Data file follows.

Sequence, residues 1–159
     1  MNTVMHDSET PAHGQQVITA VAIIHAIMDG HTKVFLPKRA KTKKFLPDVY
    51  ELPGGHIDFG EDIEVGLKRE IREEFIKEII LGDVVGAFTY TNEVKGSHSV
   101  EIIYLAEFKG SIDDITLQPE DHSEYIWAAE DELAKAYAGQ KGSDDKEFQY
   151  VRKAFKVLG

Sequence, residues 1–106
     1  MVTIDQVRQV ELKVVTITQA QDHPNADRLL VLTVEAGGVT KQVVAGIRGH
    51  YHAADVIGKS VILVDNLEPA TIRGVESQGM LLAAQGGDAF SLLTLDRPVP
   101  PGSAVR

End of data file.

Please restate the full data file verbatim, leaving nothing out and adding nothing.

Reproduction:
Sequence, residues 1–159
     1  MNTVMHDSET PAHGQQVITA VAIIHAIMDG HTKVFLPKRA KTKKFLPDVY
    51  ELPGGHIDFG EDIEVGLKRE IREEFIKEII LGDVVGAFTY TNEVKGSHSV
   101  EIIYLAEFKG SIDDITLQPE DHSEYIWAAE DELAKAYAGQ KGSDDKEFQY
   151  VRKAFKVLG

Sequence, residues 1–106
     1  MVTIDQVRQV ELKVVTITQA QDHPNADRLL VLTVEAGGVT KQVVAGIRGH
    51  YHAADVIGKS VILVDNLEPA TIRGVESQGM LLAAQGGDAF SLLTLDRPVP
   101  PGSAVR